We examine how salience of extreme actions to gain access to vaccines affect general vaccine preferences using a survey experiment conducted shortly after a limited supply of COVID-19 vaccines were made available to prioritized groups. We document that learning about people who jump the line (jostlers) or people who go through great lengths to secure left-over vaccine doses (hunters) is off-putting, and has a meaningful, negative effect on people’s vaccine preferences. Most people, however, predict the opposite—that news about extreme behavior would help the vaccination effort. If policy makers or public health authorities share these incorrect beliefs, they run the risk of implementing information policies that backfire in their effort to signal desirability of the vaccine.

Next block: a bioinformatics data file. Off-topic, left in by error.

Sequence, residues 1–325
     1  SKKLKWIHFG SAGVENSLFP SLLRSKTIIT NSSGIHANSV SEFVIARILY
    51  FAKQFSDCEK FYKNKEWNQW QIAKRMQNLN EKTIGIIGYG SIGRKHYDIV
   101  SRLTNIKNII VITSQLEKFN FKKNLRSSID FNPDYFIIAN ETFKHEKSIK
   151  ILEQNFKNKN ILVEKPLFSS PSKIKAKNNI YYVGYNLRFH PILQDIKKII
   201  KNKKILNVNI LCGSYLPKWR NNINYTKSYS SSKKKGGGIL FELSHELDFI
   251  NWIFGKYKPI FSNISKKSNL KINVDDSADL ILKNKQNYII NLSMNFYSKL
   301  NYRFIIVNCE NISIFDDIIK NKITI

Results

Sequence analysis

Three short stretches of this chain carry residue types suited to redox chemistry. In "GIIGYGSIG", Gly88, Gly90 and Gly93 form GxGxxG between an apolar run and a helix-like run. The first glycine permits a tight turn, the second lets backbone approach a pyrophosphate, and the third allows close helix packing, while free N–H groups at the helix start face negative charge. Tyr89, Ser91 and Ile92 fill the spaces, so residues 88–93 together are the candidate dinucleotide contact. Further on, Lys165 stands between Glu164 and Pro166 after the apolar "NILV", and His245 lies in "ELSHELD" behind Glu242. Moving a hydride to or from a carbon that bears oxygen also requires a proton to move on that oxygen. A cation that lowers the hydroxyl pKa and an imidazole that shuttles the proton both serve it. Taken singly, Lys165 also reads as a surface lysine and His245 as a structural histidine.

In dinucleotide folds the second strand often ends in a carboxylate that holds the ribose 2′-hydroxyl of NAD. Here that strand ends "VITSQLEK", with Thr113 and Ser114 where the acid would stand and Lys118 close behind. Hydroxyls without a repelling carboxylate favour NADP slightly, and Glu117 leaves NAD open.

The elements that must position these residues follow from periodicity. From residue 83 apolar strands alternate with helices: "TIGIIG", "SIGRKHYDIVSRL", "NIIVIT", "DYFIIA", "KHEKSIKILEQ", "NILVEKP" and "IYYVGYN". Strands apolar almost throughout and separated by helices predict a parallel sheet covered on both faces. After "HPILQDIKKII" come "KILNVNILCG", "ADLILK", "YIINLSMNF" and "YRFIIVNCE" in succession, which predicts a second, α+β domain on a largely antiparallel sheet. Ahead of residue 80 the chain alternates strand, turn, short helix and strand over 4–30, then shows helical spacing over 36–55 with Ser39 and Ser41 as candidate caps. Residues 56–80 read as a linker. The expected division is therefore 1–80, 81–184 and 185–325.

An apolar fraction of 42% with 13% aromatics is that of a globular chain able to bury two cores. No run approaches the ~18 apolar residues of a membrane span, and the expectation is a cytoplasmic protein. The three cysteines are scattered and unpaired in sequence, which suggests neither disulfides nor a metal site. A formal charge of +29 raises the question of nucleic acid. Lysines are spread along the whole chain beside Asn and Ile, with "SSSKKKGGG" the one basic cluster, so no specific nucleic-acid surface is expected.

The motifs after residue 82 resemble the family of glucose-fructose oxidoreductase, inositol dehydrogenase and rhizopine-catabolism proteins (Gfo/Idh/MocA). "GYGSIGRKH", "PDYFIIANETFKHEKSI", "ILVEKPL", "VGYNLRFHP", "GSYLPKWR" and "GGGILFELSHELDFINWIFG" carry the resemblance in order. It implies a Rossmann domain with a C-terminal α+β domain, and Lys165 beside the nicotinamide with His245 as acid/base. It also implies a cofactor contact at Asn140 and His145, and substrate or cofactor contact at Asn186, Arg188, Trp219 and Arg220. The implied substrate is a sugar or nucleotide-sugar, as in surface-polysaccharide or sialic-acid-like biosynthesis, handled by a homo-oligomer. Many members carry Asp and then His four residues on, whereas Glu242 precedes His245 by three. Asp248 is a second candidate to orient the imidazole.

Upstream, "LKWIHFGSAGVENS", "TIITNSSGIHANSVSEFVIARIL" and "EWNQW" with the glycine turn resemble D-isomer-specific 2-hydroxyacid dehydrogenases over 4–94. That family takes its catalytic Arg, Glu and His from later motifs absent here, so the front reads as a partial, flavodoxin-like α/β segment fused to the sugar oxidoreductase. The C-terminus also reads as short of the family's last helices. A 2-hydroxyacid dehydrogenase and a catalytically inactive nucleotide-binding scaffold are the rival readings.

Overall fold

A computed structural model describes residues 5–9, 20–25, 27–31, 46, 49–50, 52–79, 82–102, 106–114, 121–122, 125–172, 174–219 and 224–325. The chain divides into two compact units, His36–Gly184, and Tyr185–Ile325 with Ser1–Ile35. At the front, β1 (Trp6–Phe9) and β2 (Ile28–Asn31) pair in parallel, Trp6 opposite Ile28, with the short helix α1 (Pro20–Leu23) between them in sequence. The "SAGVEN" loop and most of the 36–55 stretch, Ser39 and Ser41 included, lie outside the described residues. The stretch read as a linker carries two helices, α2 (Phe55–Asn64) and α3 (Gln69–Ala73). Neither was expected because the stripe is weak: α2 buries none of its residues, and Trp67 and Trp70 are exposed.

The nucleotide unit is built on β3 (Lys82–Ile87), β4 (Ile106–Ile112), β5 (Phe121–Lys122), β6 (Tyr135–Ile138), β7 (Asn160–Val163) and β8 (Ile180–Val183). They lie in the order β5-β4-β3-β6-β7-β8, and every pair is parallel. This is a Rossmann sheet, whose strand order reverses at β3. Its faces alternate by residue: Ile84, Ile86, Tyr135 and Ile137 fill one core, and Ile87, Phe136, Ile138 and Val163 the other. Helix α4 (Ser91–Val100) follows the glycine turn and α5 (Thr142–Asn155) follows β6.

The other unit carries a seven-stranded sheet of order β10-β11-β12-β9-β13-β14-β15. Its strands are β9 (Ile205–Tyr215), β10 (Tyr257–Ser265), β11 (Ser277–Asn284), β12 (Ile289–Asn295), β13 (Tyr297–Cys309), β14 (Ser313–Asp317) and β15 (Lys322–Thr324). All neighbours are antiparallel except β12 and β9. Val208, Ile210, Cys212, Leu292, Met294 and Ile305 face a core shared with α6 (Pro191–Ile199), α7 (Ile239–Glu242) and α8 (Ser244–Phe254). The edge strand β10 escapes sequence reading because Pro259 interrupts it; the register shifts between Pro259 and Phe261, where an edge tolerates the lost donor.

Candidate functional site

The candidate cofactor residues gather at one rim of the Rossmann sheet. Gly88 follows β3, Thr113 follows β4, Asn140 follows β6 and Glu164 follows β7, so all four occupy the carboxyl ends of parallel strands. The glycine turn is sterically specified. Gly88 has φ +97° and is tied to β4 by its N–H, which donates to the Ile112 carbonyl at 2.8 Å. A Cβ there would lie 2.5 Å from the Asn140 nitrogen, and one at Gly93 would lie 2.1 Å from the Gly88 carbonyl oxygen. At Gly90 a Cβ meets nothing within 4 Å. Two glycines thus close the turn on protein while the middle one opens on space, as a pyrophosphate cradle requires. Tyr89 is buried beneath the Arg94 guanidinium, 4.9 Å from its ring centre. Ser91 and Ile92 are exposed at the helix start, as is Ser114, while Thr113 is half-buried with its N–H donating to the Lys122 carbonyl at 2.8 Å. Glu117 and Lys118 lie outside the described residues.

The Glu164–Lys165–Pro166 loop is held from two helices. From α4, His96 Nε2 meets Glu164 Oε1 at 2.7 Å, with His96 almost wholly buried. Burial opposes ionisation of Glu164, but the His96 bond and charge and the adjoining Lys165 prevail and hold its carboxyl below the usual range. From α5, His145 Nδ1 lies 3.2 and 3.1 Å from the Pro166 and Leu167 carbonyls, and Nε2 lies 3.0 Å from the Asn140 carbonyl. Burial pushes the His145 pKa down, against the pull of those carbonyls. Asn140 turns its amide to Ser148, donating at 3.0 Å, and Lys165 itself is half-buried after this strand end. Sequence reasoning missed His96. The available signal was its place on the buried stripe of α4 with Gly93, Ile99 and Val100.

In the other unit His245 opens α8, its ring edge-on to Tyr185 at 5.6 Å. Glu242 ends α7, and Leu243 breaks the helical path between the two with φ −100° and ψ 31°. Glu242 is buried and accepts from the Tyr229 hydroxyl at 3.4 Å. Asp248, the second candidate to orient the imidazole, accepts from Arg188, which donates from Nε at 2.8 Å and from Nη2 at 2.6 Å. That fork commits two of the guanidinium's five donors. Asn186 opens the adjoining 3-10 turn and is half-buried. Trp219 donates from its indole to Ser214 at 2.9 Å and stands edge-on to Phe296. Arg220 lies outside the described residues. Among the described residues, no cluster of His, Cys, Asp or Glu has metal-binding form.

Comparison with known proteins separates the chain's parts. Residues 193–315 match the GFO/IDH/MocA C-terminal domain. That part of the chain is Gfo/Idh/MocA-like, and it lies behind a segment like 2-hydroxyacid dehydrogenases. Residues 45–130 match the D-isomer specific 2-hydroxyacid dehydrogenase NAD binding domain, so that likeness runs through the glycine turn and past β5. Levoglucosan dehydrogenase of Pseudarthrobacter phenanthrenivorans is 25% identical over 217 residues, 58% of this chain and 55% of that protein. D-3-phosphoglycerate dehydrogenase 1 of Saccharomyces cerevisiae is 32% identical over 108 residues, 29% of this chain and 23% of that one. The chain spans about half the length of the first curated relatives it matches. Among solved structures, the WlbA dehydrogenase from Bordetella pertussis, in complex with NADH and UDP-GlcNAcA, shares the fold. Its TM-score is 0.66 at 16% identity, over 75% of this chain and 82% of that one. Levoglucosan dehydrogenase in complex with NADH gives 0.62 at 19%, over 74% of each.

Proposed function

Fuente: Scientific Reports